2003 Saab 9-3 Program #2211
Saab has always been known for its rather quirky approach to sport sedans. Like sticking with turbocharged 4 cylinder engines when 6-cylinders are all the rage. Hatchbacks when everyone else deemed them too utilitarian. And then there’s that console-mounted ignition switch. But despite this decidedly left-of-center approach, one thing has always been clear. The driving experience is the top priority at Saab. Well, there’s a new Saab 9-3 ready to hit the streets, and indeed it does look a little more mainstream than in the past. So we wonder, in this shift towards the middle of the road, did the driver get left behind?
Well, according to Saab, the answer to that question is a resounding NO! As during the launch of the new 2003 Saab 9-3, designers went to great lengths to explain that, like all Saabs before it, the main thrust of the new Saab 9-3 design process was to build the car around the driver.
And after spending several weeks with a 9-3, we’re happy to confirm that from the outside in, the new 9-3 is definitely a driver’s machine. In fact, the 9-3’s new exterior styling, which brings it closer in appearance to the larger 9-5 sedan, conveys the feeling that this is a car ready to spring into action. And this is the first 9-3 to forsake its traditional hatchback styling, although Saab says that will return later. But the new 9-3 does retain its predecessor’s overall length of 182.5 inches. Wheelbase, however, has been stretched 2.7 inches to 105.3, and front and rear tracks are 2.8 and 2.5 inches wider respectively.
More essential ingredients are added to the mix by way of the 9-3’s suspension components. MacPherson struts handle the duties up front, while in the rear is a new independent four-link layout that includes what Saab calls ReAxs. ReAxs is a passive, rear-wheel steer characteristic that’s been engineered into the system to improve handling by reducing understeer. And take our word for it, it works! Our drivers noted that the 9-3 ‘‘cuts through the cones like a sharp knife’’ and ‘‘feels as though it wants you to drive it quickly.’‘
Steering response from the rack and pinion is spot on, with precise turn ins and a fair amount of useful feedback. Our drivers also appreciated the non-intrusive nature of the standard ESP electronic stability program and the excellent operation of the 9-3’s 4-wheel disc brakes. In addition to ABS, the 9-3 now comes with Cornering Brake Control, which aids stability to hard cornering maneuvers when under heavy braking. Throw in Electronic Brakeforce Distribution, and you’ve got a car that’s capable of consistently bringing you to a stop from 60 in 124 feet. Also receiving high praise are the 9-3’s new engines. Linear models like our tester get an all aluminum 2.0 liter turbocharged powerplant producing 175 horsepower at 5,500 rpm, and 195 pound-feet of torque at 2,500 rpm.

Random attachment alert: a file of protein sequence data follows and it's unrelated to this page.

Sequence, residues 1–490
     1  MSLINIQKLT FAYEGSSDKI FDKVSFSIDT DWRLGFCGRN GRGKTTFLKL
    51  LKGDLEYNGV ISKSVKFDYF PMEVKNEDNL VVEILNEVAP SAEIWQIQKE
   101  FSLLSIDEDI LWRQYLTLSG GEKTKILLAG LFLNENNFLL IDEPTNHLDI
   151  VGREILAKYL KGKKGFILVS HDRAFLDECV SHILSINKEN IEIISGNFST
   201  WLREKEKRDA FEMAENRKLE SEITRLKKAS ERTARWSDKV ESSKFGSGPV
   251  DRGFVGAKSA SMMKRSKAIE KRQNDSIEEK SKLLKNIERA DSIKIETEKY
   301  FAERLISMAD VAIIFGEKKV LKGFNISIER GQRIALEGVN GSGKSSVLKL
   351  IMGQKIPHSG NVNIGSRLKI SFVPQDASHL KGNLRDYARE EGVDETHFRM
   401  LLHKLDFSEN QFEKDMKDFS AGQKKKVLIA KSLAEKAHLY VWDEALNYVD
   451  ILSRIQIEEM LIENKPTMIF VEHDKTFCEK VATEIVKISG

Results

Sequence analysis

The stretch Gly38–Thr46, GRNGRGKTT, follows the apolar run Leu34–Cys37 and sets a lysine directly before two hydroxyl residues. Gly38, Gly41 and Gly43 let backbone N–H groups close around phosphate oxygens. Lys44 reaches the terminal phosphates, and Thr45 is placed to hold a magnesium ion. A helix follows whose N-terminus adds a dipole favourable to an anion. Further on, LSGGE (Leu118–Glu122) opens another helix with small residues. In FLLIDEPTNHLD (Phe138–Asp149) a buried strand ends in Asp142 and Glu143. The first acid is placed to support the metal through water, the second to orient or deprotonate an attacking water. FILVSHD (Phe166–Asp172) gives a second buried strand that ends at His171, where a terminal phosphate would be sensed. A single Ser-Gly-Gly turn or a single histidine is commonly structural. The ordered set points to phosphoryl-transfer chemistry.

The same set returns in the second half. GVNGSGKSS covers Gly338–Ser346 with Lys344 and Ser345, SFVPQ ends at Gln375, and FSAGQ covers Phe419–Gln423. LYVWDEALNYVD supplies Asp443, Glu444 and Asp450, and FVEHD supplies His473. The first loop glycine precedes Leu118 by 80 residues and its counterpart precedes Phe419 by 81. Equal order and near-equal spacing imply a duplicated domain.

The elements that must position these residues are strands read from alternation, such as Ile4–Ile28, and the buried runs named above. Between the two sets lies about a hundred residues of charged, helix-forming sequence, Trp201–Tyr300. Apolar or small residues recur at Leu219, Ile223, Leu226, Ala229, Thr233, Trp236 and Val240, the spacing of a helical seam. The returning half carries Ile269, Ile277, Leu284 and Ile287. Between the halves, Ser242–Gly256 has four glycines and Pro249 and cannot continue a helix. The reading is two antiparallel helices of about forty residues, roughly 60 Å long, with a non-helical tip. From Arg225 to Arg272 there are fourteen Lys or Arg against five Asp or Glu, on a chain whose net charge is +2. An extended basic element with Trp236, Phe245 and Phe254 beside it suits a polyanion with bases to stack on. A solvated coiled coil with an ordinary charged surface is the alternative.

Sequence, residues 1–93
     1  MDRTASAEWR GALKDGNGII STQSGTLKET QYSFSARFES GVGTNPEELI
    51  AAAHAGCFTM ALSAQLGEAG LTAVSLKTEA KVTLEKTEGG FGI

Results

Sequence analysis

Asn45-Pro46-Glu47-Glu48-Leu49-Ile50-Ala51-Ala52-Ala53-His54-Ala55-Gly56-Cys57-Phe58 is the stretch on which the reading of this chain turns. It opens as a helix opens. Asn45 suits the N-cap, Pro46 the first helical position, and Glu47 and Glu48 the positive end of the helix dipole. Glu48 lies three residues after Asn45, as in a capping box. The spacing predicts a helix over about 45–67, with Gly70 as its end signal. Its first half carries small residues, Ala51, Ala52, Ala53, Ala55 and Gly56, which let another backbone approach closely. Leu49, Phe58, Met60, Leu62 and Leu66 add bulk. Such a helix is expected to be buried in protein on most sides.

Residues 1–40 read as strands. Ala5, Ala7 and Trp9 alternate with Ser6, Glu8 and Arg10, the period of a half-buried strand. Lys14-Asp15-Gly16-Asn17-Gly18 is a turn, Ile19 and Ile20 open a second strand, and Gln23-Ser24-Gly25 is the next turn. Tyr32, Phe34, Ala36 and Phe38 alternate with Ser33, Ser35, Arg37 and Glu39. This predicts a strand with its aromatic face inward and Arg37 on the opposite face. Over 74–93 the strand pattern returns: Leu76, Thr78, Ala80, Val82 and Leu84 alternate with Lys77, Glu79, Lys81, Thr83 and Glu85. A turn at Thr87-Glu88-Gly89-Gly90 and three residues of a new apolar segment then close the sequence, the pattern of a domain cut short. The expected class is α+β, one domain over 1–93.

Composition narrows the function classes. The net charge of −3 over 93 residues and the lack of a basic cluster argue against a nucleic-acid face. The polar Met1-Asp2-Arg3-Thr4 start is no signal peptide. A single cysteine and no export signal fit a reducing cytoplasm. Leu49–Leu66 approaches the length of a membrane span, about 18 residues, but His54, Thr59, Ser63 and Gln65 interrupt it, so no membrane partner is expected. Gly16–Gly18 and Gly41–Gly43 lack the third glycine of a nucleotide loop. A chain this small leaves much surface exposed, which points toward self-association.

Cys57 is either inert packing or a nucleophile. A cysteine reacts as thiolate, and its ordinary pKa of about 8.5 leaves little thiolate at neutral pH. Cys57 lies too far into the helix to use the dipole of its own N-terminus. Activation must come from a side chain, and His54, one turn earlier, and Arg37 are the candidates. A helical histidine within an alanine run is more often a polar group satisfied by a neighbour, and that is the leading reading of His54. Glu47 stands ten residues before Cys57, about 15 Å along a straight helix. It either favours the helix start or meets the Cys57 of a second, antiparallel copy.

Step up to the Arc and Vector models, due early next year, and the same 2.0 liter engine spins out 210 horsepower and 221 pound-feet of torque. Both engines use Saab’s new Trionic 8 engine management system and can be mated to one of three different transmissions: a new adaptive Sentronic 5-speed automatic, a new 6-speed manual, or the current 5-speed manual that’s been revised with a new cable linkage to replace the rods.
Our tester with the 5-speed manual took us to 60 in 7.3 seconds and on through the quarter mile in 15.8 seconds at 83 mph. Two big things we noticed right away were the almost complete absence of turbo lag and torque steer. The 9-3 pulls nicely off the line through the first two gears and then seems to run out of steam a little once you hit third. The shifter is smooth and precise, but some of our staff preferred the solid feel of the rod linkage of the old shifter.
Saab continues with its driver-oriented, aircraft-like approach when it comes to interior accommodations too. Notice the cowl top information display.
But when it comes to comfort, the Linear is no slouch. Leather is standard and our tester came with a popular option package that included power adjustments for the driver and seat heat. The option package also included a 6-disc in-dash CD changer just below the smooth rotary climate controls. But to keep the Linear’s price down, concessions were made, as the interior plastics and upholstery are more utilitarian than we’re used to seeing on Saabs. And one design element we were not fond of is the hand brake. Careful or you’ll pinch your fingers.
But in the rear, passenger seating is less pinched than ever. With its longer wheelbase, the 9-3 offers more rear leg room than competitors from BWM, Mercedes, and Volvo. And although the hatchback is gone, versatility is not. The split folding seat even includes a passthrough to the long, tall 14.8 cubic foot trunk.
The 9-3 comes with rock bottom sport sedan pricing as well. Base price on the 9-3 Linear is just $25,900. When available, the mid-level Arc model will start at $29,995, and the top level Vector starting at $32,345.
So the good news is, with its superb handling, quiet ride and excellent highway manners, its punchy turbocharged 4 cylinder and surprisingly low price, the new Saab 9-3 has still retained its uniqueness while becoming more attainable to mainstream buyers. The even better news is the driver didn’t get left behind!
- Engine: 2.0 Liter Turbocharged 4-Cylinder
- Horsepower: 175
- Torque: 195 Lb Feet
- 0-60 MPH: 7.3 Seconds
- 1/4 Mile: 15.8 Seconds @ 83 MPH
- 60-0 MPH: 124 Feet